Of course members of past generations of political leaders are not the only ones who need to acknowledge these realities. Appreciating and acknowledging the magnitude of these tragedies and the enormity of acts perpetrated in all our names has been a long time coming -- too long -- and is still being resisted by some powerful voices in our society. Premier Notley's powerful statement is an important step in the search for a way to right those wrongs.

If you haven't read Ms. Notley’s remarks in Alberta's Hansard, the record of the Legislature's proceedings, I recommend you do so.

Here in British Columbia, Premier Christy Clark apparently failed to notice the uniquely Canadian significance of June 21 when she promoted closing a major bridge in downtown Vancouver to promote yoga -- at least until she was shamed on Twitter by Raffi Cavoukian, the singer of well-loved children's songs who also possesses a compelling social vision.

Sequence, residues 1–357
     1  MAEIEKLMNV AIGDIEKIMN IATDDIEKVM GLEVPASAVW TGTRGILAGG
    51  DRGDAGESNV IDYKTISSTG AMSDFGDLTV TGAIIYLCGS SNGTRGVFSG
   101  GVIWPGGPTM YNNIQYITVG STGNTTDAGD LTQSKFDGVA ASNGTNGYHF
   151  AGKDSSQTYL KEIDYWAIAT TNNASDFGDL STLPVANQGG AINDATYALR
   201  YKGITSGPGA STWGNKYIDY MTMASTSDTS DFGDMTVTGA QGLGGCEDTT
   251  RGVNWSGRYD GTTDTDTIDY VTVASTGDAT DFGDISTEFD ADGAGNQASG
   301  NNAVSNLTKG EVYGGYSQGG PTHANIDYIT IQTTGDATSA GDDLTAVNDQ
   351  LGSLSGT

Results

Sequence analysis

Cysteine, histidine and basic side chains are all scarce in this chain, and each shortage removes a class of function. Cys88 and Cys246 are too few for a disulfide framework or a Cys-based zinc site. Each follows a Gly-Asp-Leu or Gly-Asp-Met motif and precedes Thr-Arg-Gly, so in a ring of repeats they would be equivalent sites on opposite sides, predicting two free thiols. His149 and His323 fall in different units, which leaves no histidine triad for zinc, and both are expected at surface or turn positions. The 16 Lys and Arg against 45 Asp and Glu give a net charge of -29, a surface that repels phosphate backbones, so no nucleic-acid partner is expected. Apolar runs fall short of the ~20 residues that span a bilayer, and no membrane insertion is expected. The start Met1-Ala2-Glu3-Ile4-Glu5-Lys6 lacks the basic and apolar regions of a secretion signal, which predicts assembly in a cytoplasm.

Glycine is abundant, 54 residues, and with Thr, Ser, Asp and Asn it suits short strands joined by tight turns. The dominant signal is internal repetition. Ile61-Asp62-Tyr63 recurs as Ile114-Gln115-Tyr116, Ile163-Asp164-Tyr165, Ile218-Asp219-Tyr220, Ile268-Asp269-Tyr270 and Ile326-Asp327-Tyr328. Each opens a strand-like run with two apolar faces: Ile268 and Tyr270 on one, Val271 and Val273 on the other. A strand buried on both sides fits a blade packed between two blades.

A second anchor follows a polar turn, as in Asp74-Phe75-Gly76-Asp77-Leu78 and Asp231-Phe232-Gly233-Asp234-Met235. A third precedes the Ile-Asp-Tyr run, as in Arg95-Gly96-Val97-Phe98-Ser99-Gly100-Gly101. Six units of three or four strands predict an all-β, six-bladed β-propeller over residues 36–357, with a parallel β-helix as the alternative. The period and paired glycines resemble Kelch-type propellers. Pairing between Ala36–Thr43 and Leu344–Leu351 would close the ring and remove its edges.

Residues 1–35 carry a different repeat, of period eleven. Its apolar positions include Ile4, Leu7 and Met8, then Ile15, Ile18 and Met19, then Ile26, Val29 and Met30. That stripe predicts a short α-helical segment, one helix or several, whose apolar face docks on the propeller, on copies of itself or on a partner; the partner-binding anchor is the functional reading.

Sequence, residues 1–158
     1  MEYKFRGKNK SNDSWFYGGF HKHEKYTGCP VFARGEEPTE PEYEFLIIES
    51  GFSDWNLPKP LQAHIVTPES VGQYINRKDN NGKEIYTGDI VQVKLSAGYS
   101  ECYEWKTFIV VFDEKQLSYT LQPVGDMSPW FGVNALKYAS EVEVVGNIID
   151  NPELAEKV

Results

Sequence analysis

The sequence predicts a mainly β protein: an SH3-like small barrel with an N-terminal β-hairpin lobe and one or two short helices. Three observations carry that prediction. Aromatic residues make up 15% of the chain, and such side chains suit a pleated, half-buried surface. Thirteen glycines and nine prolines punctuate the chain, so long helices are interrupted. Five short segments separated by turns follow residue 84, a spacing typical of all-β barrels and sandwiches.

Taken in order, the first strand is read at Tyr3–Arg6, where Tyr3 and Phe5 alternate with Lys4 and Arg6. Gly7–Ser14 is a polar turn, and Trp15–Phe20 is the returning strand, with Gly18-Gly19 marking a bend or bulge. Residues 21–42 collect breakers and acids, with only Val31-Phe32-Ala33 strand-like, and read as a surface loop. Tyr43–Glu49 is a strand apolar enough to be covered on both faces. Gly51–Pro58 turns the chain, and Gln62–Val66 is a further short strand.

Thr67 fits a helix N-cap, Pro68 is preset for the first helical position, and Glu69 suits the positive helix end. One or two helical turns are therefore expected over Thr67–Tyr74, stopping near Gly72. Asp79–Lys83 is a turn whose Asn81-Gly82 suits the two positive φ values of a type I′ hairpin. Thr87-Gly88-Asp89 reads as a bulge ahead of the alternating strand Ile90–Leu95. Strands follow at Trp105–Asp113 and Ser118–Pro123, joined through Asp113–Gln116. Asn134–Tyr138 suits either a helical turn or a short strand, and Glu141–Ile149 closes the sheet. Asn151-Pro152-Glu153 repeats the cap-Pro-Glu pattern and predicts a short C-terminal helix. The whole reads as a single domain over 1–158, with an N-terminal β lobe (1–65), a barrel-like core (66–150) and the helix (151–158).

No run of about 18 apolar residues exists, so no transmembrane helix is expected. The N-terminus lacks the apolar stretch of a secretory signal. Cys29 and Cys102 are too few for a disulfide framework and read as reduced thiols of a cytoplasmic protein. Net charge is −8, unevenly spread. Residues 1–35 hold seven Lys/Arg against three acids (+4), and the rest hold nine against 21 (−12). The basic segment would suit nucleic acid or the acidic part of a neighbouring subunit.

Not that there's anything wrong with yoga, but there's a time for everything, and Sunday obviously wasn't the right time for Namaste om the bridge. It's a telling commentary on the power of social media that when Raffi made the obvious link in fewer than 140 characters, Premier Clark skedaddled from the crossing -- which occupies in the unceded territory of the Musqueam, Squamish, and Tsleil-Waututh First Nations First Nations -- and the event.

Upon reflection, Clark would probably have preferred to have taken the example of Notley and marked the same circumstances with a more dignified and serious performance.

The West Coast fiasco, notwithstanding the large amount of publicity surrounding it, seemed less embarrassing in some ways that Alberta Opposition Leader Brian Jean's decision to use his response to Notley's remarks in the Legislature to all but campaign for his former boss, Prime Minister Stephen Harper.

Many Albertans and Canadians are far from persuaded, Jean's advocacy notwithstanding, that the Harper Government has a particularly good record on this issue.

Call the Whip! Calgary Tory MLA Sandra Jansen supports bill banning corporate donations

Bill 1, officially called An Act to Renew Democracy in Alberta, passed third reading in the Legislature yesterday.